Rev Guard Auxillary opens fire on Tehran protest crowd

They are called "The Basij" and sometimes referred to as "the moral police." That's something of a misnomer because the 13 million strong force of fanatical religious zealots are also used as bully boys and thugs to break up anti-regime demonstrations and protests. They are a paramilitary auxillary of the Revolutionary Guards.

They were the main element in Iranian "human wave" attacks during the Iran-Iraq War where they were also used by the thousands to clear mine fields.

In 2005, they endorsed a presidential candidate for the first time - one of their own - Mahmoud Ahmadinejad who had served with the Basij during the Iran-Iraq War. It is thought that more than a million of them spread out in the countryside during that election and intimidated many to vote for the current president.

Now they have come to Ahmadinejad's rescue as more than a million (some estimates say 2 million) Iranians defied an order not to protest and went into the streets. For their trouble, they were fired upon by the Basij in what appeared to be random attacks.

Hot Air has a video of the aftermath of one of the shootings.


Meanwhile, Michael Ledeen reports at NRO that Mousavi has called for a general strike tomorrow. He wants his followers to confront police and Basij with flowers not guns.

Right strategy. But my guess is the Basij will care less whether they have flowers or guns and shoot them anyway.

Ahmadinejad may be forced to do what the Shah didn't have the stomach for back in 1979 - mass killings of peaceful protestors in order to put the revolution genie back in the bottle - for a while anyway. Mass arrests and mass killings is all the regime has at this point to stop what is clearly a mass reform movement that has as its goal, the overturning of the clerical-fascist regime.

I fear massive bloodshed before this ends - one way or the other.

Gene Schwimmer adds:

Seeing photos and reports of 100,000-plus strong crowds of protesters, triggered a thought.  The protests, some drawing hundreds of thousands, in Iran, where such protests are forbidden and met with deadly force from the authorities, are far larger than any anti-American protests in Iraq, where such demonstrations were, and are, legal. What do Bush critics think of this?
They are called "The Basij" and sometimes referred to as "the moral police." That's something of a misnomer because the 13 million strong force of fanatical religious zealots are also used as bully boys and thugs to break up anti-regime demonstrations and protests. They are a paramilitary auxillary of the Revolutionary Guards.

They were the main element in Iranian "human wave" attacks during the Iran-Iraq War where they were also used by the thousands to clear mine fields.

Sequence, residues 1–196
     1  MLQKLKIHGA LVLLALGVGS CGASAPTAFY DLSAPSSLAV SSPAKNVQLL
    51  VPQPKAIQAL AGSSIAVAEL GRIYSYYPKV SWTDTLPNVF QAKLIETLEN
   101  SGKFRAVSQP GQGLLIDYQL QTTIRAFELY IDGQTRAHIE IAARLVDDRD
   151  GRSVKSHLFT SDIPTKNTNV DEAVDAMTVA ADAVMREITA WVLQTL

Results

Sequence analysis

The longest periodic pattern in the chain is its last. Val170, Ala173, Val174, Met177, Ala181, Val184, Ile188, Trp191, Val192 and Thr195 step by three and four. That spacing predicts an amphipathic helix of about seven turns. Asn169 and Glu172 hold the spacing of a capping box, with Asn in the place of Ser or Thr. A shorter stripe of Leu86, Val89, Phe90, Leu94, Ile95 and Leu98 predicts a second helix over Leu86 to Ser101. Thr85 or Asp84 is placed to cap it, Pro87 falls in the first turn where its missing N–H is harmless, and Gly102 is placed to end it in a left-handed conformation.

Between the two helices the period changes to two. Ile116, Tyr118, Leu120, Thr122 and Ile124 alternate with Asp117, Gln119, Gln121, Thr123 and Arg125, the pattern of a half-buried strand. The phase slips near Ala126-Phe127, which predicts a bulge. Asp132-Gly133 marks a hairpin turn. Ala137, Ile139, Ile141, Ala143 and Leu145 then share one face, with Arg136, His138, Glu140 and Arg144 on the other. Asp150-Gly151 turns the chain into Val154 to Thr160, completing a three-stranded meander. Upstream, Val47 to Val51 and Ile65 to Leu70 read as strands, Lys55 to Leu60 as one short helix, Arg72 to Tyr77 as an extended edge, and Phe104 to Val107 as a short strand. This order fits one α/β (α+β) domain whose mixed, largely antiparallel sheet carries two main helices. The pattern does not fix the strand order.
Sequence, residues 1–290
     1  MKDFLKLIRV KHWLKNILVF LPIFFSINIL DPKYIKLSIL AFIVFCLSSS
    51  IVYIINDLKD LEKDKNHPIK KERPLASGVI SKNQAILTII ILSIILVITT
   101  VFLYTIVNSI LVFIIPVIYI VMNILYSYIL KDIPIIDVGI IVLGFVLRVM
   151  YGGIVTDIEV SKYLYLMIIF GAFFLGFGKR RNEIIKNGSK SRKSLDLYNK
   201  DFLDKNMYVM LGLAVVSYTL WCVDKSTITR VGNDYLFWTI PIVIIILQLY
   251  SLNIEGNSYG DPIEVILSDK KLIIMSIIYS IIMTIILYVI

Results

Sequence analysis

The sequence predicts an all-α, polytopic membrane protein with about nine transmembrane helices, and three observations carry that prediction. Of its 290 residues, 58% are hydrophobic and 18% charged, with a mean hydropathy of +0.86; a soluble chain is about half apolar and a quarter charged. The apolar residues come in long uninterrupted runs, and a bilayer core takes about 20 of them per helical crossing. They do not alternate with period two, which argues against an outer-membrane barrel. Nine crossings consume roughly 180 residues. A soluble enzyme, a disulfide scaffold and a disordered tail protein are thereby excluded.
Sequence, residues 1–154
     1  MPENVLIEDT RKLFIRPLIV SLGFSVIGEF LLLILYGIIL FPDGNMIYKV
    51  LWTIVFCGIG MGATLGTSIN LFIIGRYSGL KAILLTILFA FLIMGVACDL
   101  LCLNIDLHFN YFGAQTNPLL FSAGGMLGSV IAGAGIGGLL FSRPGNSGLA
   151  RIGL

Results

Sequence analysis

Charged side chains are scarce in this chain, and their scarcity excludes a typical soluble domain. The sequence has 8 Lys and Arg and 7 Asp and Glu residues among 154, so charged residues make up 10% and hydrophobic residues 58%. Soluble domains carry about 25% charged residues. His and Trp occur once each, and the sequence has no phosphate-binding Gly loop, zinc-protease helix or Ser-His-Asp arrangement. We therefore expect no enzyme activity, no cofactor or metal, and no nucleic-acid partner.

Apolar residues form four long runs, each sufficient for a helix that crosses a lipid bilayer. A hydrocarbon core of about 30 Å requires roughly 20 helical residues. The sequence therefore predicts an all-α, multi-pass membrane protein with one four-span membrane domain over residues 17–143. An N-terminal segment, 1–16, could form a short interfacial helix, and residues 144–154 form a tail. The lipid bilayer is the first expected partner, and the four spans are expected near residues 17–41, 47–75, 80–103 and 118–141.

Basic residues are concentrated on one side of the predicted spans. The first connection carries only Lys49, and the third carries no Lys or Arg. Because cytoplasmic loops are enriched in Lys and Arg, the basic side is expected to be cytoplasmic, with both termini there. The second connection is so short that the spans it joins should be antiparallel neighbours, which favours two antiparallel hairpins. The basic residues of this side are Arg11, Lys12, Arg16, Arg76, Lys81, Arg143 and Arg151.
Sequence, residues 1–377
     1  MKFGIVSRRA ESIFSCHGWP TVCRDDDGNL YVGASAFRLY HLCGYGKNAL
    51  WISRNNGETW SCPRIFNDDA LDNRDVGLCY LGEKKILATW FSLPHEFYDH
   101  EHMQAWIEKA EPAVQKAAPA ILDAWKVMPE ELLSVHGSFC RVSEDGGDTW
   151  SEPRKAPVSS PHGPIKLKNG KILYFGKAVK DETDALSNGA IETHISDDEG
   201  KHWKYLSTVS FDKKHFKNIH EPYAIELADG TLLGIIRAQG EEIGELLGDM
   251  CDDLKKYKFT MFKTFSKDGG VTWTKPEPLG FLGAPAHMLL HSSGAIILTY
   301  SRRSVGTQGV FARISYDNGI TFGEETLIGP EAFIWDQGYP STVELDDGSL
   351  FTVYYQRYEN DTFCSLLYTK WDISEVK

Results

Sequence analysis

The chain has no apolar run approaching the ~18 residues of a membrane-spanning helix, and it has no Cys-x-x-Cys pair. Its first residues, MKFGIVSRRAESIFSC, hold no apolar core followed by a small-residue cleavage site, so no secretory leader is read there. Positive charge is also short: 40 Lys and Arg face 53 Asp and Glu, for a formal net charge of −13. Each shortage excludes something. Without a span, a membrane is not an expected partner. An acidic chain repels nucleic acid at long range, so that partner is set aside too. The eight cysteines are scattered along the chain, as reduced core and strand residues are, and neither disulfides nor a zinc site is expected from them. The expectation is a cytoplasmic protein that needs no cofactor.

In 2005, they endorsed a presidential candidate for the first time - one of their own - Mahmoud Ahmadinejad who had served with the Basij during the Iran-Iraq War. It is thought that more than a million of them spread out in the countryside during that election and intimidated many to vote for the current president.

Now they have come to Ahmadinejad's rescue as more than a million (some estimates say 2 million) Iranians defied an order not to protest and went into the streets. For their trouble, they were fired upon by the Basij in what appeared to be random attacks.

Hot Air has a video of the aftermath of one of the shootings.


Meanwhile, Michael Ledeen reports at NRO that Mousavi has called for a general strike tomorrow. He wants his followers to confront police and Basij with flowers not guns.

Right strategy. But my guess is the Basij will care less whether they have flowers or guns and shoot them anyway.

Ahmadinejad may be forced to do what the Shah didn't have the stomach for back in 1979 - mass killings of peaceful protestors in order to put the revolution genie back in the bottle - for a while anyway. Mass arrests and mass killings is all the regime has at this point to stop what is clearly a mass reform movement that has as its goal, the overturning of the clerical-fascist regime.

I fear massive bloodshed before this ends - one way or the other.

Gene Schwimmer adds:

Seeing photos and reports of 100,000-plus strong crowds of protesters, triggered a thought.  The protests, some drawing hundreds of thousands, in Iran, where such protests are forbidden and met with deadly force from the authorities, are far larger than any anti-American protests in Iraq, where such demonstrations were, and are, legal. What do Bush critics think of this?